Dad steals son’s inheritance

A father who stole his son’s inheritance and blew the money on drink and drugs has been sentenced to 20 months in prison suspended for two years and ordered to complete 240 hours of unpaid work and a rehabilitation course at Swansea Crown Court.

WalesOnline reported that Daniel Caulfield’s mother had set up a savings fund for his estranged son when she died in 2015. The £38,000-plus sum was due to be paid to the boy when he turned 18, so that he could pay for either a university education or a house. Caulfield was made a trustee for the accounts, which he then looted.

Caulfield, 38, from Milton in South Wales broke down in tears when he was spared jail after the judge branded his crime as “despicable”. He had been a joint trustee of the fund with his sister, who did not know he had emptied the account and spent the money.

Money spent on drink and drugs

The court heard that when Caulfield’s son turned 18, he wrote to his father and aunt requesting the money, but Caulfield replied saying there was nothing left as he’d spent it all on drink, drugs and a holiday.

When the police in Llanelli interviewed Caulfield, he admitted stealing and spending the money, and that he was sorry. His son had written an impact statement, which was read out in court. In it, he said that he’d planned to put the money toward attending university or buying a house.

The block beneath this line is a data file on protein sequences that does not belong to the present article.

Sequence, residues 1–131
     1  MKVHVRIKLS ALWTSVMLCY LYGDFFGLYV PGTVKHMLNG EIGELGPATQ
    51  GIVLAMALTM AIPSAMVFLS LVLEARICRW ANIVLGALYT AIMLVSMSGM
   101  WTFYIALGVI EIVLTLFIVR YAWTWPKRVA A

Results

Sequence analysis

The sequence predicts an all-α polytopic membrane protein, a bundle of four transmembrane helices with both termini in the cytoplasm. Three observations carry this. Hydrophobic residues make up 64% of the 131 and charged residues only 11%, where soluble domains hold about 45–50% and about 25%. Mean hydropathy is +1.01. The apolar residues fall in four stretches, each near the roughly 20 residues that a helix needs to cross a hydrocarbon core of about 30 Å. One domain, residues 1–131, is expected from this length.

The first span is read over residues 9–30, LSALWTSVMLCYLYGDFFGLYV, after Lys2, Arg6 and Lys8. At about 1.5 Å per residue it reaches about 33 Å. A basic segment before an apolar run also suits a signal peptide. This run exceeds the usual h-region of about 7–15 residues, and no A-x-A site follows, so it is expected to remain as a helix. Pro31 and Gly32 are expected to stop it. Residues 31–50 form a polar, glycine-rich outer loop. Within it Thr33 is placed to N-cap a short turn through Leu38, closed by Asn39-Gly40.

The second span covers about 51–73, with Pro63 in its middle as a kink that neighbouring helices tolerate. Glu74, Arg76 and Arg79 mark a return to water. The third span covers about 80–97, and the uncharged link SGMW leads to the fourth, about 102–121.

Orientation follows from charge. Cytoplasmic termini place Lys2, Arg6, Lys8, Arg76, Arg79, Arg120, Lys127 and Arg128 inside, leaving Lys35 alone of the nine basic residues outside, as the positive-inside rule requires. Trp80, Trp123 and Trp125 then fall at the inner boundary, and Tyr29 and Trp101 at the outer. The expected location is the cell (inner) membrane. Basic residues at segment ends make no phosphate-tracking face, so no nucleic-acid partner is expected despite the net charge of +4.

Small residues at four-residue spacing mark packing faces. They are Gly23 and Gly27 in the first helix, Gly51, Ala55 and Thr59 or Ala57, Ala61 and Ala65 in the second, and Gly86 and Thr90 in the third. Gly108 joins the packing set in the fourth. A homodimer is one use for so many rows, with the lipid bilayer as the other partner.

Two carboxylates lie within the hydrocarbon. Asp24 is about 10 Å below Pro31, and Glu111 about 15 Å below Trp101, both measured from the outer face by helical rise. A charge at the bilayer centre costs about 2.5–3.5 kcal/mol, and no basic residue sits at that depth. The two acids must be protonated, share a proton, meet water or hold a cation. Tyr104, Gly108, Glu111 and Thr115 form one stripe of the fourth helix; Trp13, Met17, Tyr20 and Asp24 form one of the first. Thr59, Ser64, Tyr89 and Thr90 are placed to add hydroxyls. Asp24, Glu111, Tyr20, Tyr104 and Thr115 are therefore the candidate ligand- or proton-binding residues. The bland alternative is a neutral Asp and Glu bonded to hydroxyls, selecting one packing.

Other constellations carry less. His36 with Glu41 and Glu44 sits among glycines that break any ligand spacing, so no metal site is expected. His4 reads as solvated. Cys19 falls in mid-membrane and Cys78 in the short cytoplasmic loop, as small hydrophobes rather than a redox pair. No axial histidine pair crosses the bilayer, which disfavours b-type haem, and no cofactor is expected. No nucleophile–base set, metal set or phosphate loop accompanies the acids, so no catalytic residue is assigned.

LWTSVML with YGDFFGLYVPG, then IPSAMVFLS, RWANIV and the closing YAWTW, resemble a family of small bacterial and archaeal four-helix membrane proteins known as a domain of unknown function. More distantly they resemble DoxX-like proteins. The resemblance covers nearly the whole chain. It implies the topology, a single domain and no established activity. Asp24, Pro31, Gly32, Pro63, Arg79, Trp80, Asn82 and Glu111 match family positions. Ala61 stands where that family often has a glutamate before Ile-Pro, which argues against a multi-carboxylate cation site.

Caulfield admitted fraud. His solicitor, John Allchurch, said his client accepted that his behaviour was “reprehensible and inexcusable” and that he had let his son down. He added that his client ran a carpet cleaning business and had got into financial problems due to the adverse health effects caused by drug use.

Although he’d spent some of the money on a holiday, most of it had been used for alcohol and drugs.

Not something to be proud of

It was not something the defendant could be proud of, Mr Allchurch added, saying that Caulfield wanted to set up a repayment plan to return the money to his son.

Judge Paul Thomas QC told Caulfield it was difficult to imagine a more “despicable” offence, and that the day had been “singularly unhelpful” when explaining where the money had gone, and that he wasn’t satisfied that the court knew exactly what had happened.

He added that a Proceeds of Crime Act financial investigation would follow, and that he hoped Caulfield’s five days on remand in prison had proved a “miserable experience”.

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